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Crisis Trojan Makes Its Way Onto Virtual Machines 49

Posted by Soulskill
from the virtual-security dept.
Trailrunner7 writes "The Windows version of the Crisis Trojan is able to sneak onto VMware implementations, making it possibly the first malware to target such virtual machines. It also has found a way to spread to Windows Mobile devices. Samples of Crisis, also called Morcut, were first discovered about a month ago targeting Mac machines running various versions of OS X. The Trojan spies on users by intercepting e-mail and instant messenger exchanges and eavesdropping on webcam conversations. Launching as a Java archive (JAR) file made to look like an Adobe Flash Installer, Crisis scans an infected machine and drops an OS-specific executable to open a backdoor and monitor activity. This week, researchers also discovered W32.Crisis was capable of infecting VMware virtual machines and Windows Mobile devices."
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Crisis Trojan Makes Its Way Onto Virtual Machines

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  • like any one else? The attack surface is not the same as any other windows physical machine? What is the point, there's an anti-virus vendor waiting to sell vmware specific software?
    • by EmagGeek (574360)

      According to the article, the malware looks for virtual machine files on the host PC (for example a windows box running VMWare Player) and mounts the image. It then adds itself to the image.

      This is not a vulnerability in VMWare Player or ESXi. It's just a better mousetrap that mounts virtual hard disks and infects them.

    • by Sarten-X (1102295)
      The attack surface of a VM is (surface of the guest) + (surface of the host). In this case, an infected Windows host can infect a VM image residing there.
      • by AvitarX (172628)

        Also, I bet that often times a non-privileged user can infect the privileged area of a VM set to be run-able by that user.

        • by mysidia (191772)

          If the user has physical access to a machine, then they have privileged access to that machine, and every virtual machine and local software run on that physical machine while they have physical access to it.

          • by AvitarX (172628)

            Yes, the user the person does obviously, but that does not necessarily imply that the user the account do.

            I think the risk is that the user account essentially has physical access to the virtual machine. I've read many a post here recommending all banking be done from a virtual machine that only goes to a bank's website. This malware demonstrates why that's poor advice by taking advantage of software's "physical" access to a machine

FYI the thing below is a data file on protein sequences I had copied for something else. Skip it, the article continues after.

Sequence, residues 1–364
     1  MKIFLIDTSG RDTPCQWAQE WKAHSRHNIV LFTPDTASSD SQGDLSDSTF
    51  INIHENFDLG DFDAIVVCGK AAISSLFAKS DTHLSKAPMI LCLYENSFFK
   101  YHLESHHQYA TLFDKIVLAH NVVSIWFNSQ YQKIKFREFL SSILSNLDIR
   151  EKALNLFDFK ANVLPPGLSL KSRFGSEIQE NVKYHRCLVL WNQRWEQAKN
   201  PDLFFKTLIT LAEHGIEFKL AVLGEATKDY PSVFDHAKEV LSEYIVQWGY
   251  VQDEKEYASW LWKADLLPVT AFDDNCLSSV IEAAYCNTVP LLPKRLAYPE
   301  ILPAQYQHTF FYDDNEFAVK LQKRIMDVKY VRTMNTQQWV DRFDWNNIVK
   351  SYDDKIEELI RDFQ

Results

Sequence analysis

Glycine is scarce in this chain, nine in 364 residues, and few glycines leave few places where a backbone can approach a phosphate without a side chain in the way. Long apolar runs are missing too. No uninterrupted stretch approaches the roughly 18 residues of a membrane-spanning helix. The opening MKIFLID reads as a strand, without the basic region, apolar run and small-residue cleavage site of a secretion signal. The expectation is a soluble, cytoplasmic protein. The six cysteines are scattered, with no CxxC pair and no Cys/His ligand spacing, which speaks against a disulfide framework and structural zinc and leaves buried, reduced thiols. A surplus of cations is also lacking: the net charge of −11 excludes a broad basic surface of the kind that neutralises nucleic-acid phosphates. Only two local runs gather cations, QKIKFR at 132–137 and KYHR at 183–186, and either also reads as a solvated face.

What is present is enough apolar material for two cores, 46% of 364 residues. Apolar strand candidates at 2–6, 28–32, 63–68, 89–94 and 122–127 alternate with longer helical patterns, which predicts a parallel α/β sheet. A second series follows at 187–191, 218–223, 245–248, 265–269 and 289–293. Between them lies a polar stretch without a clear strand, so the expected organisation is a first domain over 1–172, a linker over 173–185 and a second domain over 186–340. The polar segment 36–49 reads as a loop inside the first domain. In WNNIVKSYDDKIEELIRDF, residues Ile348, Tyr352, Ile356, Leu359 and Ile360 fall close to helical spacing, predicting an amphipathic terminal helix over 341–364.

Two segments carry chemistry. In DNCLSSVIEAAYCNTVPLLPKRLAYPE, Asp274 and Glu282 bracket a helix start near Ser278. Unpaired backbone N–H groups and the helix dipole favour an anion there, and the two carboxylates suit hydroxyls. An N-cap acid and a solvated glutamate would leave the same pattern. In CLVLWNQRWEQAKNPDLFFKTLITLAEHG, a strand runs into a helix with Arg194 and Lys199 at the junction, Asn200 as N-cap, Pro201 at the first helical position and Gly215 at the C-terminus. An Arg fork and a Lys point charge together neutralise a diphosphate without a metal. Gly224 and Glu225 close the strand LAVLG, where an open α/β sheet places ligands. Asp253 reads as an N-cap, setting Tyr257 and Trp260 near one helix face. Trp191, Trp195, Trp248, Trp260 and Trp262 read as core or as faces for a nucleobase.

• by mysidia (191772)

              This malware demonstrates why that's poor advice by taking advantage of software's "physical" access to a machine

              A keylogger on the host can still capture keystrokes sent to a guest VM.

              It's sound advise, but missing an an important additional proviso:

              In addition to doing banking in a banking VM, the web browser on the host, and all software other than virtualization software should be disabled and removed

              A new separate Virtual machine should be created for all non-Banking activity.

              Any program r

  • First Mac, then Windows... Windows Mobile... What if it mutates and becomes human-human transmissible??!!! SAVE US!!!

    • by tlhIngan (30335)

      First Mac, then Windows... Windows Mobile... What if it mutates and becomes human-human transmissible??!!! SAVE US!!!

      I'm surprised it doesn't have adb and look for an attached Android phone to infect as well.

      Though, given it's multiplatform, it's also interesting that it skips out having a Linux vector - you'd think if you went to al lthe trouble of making a Mac OS X version, you'd also do Linux for not-very-much-more effort. Scanning for VMs on Linux and infecting those is also pretty profitable (especiall

  • +1 to redundancy in the summary

  • Presumably this means that the affected host systems must have Java installed. Seems to me a brilliant example of the "Write Once, Run Anywhere" paradigm!
  • by gman003 (1693318) on Wednesday August 22, 2012 @05:00PM (#41086543)

    So as it turns out, yes, VMWare can run Crysis. Er, Crisis.

  • by epp_b (944299) on Wednesday August 22, 2012 @09:58PM (#41089767)
    This will be disasterous for tens of people!
    • by mysidia (191772)

      This will be disasterous for tens of people!

      I believe you may be in error on that.... last I heard, the remaining 10 people using windows Mobile have since been assimilated, and joined Balmer's army of Windows-using (formerly human) Zombies, as a result, the total count is 0 of the mobile users effected are people.

"Irrationality is the square root of all evil" -- Douglas Hofstadter

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